The Maestro, The Magistrate & The Mathematician
Premise: Three expatriate Zimbabweans attempt to adapt to their new lives in Edinburgh at the start of the twenty first century. The Maestro is stuck in a monotonous job stacking shelves in TESCO but feels that he has a higher calling that may or may not lie in devouring every book he can get his hands on. The Magistrate is frustrated by the loss of his social status and has to swallow his pride whilst accepting work as a care assistant. And the Mathematician is a PhD student who sees life in black and white and follows a path that is carefree and verging on hedonistic. Through their shared national identity, their separate lives intertwine in surprising ways towards an ending that is both unexpected and unsettling.
I was tempted to start my synopsis by talking about immigration. But then I came across a quote from the author where he says: “The funny thing is that when some white dude writes a novel set anywhere in Africa or Asia, it’s never referred to as an immigrant novel. They just have the right to be where they want to be and to write what they want.” I will try and avoid that pitfall then because whilst this is unquestionably a story about people who have been displaced from their point of origin, it is equally a social commentary on modern life (the Edinburgh version as well as the Harare version). It is full of wry humour and subtle observation and it is cleverly constructed so that it works on many levels. To boil it down to a book about immigration would be overly simplistic and unfair on the novelist. However, it is a theme that is very much at the beating heart of the story.
When talking about immigration, the news often resorts to generalisations. It clumps together any person that has arrived from a foreign shore. And that has the effect of making us think that the immigrant experience is the same for every Takudzwa, Mick or Garai – which, of course, it is not. Here, Huchu highlights the difference between the laddish culture experienced by the Mathematician and the downward mobility of lost respect experienced by the Magistrate. It is possibility contrasted with disappointment. And the Maestro is a third counterpoint to this. He is defined not by his status as an expatriate but by his sense of depression and his yearning for some greater meaning to the world. And, whilst dealing with life in a new country, all of them are also experiencing the everyday dramas that make up the fabric of existence.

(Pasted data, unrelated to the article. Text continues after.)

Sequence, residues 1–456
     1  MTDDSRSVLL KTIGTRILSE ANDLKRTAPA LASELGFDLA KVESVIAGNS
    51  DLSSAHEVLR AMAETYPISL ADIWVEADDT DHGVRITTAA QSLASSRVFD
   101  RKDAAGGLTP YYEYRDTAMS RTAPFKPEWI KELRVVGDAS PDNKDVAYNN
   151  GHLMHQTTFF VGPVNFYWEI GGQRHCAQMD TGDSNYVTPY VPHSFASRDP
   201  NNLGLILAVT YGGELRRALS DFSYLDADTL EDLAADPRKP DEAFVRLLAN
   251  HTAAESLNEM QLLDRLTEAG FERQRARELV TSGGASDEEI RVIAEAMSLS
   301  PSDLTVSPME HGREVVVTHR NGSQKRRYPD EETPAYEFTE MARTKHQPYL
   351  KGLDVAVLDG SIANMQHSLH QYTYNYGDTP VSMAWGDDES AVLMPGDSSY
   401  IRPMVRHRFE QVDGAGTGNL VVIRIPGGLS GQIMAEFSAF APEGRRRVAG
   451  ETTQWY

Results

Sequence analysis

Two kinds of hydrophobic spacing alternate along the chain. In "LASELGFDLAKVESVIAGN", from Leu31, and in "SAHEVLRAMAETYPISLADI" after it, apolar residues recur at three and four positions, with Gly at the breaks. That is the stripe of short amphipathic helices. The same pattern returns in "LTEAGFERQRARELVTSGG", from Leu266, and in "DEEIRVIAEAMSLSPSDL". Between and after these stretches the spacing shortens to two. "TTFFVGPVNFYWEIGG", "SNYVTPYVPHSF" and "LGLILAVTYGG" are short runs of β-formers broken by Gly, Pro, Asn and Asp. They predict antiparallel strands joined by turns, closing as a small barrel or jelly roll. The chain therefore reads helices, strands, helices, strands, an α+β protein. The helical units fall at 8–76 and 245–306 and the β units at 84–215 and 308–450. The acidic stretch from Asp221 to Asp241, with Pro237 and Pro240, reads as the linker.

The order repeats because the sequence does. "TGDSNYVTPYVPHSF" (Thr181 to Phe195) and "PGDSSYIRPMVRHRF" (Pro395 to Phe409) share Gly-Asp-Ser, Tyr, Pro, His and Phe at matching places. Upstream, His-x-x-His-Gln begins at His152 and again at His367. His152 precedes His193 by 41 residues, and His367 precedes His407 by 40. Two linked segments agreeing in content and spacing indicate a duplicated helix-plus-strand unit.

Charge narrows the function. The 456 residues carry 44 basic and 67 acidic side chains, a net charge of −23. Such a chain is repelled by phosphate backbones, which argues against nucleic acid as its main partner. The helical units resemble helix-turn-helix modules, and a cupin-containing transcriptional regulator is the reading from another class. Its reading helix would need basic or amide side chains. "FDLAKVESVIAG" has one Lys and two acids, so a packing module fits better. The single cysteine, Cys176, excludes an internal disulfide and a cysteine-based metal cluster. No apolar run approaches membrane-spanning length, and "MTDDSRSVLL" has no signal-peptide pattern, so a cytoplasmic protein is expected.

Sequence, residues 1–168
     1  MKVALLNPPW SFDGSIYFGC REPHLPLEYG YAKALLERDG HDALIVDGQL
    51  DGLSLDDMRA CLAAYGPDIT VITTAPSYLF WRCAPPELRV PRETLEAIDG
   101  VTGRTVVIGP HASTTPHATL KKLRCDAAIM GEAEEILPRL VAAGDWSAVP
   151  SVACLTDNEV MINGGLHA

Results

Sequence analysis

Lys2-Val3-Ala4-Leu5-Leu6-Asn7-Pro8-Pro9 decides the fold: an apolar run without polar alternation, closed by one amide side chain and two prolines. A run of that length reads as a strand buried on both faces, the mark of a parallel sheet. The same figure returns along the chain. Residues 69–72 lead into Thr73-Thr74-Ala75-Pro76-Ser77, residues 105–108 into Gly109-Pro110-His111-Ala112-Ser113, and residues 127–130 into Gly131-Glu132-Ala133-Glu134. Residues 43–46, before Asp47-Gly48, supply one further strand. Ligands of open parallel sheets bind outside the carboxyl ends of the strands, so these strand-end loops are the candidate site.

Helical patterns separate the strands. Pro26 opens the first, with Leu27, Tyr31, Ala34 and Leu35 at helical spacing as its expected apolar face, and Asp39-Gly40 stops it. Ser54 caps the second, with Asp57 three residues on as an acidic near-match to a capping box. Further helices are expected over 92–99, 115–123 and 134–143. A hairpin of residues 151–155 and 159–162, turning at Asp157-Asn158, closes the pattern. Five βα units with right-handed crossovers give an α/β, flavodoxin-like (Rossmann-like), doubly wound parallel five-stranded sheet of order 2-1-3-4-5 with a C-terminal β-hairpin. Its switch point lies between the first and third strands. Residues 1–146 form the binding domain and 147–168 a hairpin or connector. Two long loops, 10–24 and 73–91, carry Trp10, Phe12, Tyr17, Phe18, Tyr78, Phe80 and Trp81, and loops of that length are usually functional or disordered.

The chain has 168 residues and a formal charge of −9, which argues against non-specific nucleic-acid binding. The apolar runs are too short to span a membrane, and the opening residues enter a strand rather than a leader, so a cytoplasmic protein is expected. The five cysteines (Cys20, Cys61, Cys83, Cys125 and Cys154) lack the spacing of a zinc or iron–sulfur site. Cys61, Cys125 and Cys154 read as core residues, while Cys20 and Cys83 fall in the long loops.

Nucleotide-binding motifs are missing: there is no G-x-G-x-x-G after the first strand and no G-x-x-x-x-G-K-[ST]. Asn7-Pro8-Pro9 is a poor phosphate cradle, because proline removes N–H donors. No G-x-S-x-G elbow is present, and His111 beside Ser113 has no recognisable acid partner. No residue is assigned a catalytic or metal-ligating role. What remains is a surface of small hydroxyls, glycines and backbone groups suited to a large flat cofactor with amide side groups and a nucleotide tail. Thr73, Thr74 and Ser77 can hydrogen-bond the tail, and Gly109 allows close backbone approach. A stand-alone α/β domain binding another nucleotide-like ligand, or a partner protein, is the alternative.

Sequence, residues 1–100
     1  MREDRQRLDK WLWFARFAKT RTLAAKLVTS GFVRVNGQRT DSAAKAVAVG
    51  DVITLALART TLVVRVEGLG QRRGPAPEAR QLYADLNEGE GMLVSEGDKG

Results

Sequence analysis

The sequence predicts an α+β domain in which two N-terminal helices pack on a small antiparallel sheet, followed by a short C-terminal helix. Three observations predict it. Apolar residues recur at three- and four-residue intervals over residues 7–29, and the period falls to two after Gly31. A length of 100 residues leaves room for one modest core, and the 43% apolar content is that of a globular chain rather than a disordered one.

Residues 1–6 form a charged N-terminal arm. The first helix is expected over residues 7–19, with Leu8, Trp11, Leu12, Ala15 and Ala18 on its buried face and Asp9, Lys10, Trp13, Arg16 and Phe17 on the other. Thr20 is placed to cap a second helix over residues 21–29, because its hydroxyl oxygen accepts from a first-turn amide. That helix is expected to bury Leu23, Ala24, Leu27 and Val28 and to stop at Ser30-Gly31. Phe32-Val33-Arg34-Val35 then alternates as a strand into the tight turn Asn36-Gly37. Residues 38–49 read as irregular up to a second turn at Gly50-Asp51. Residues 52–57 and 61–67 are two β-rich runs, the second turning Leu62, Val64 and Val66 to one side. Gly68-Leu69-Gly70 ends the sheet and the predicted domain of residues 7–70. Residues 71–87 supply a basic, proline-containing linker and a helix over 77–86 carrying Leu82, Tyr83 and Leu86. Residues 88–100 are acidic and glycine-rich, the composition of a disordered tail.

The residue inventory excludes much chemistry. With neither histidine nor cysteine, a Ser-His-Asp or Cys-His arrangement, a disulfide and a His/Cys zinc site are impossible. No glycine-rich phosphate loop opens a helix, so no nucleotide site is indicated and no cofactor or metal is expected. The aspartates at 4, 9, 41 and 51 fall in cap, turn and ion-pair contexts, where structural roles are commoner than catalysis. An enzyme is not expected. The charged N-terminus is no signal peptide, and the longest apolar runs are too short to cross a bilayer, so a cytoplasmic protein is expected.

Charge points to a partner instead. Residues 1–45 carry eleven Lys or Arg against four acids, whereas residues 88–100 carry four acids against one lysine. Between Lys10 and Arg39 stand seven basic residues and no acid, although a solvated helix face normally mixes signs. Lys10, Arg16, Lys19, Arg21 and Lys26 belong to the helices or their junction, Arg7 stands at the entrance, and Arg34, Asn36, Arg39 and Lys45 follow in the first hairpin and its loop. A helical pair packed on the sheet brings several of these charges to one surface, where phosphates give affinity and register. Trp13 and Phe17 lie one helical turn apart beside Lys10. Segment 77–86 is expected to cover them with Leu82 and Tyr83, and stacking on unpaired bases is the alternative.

The sad plight of the Zimbabwean nation is explored through each character’s memories of what life was like before. They are desperate to get news of what is going on back home. The Magistrate and, to a lesser extent, the Mathematician become involved with the MDC political party, a meeting of which Huchu describes as descending into a quasi-bar brawl. Fragments of Shona are interweaved with bursts of Scots dialect. It is at times disorientating but then I imagine that life as an immigrant often is. Huchu is unbiased in the way that he sees the world. He tackles racism from both sides of the telescope and deals with the issue of integration. And above all that, the story wends around in unexpected side steps. The surprise ending knits everything together but leaves you with plenty of questions to digest as you replace the book back on the shelf.
There is much to admire in this novel. Having lived in Zimbabwe as a child, it is always nice to read stories that are connected with the country. But it should be pointed out that “The Maestro, the Magistrate and the Mathematician” requires no previous knowledge of the beleaguered nation’s state of affairs. I think it is important that we all try to read books by different voices and here is a novelist who weaves a fascinating narrative whilst also making some pretty salient points about the modern world.
Who might enjoy this book: Anyone who has enjoyed “White Teeth” by Zadie Smith or “Half of a Yellow Sun” by Chimamanda Ngozi Adichie.
Other highly rated books by this author: “The Hairdresser of Harare”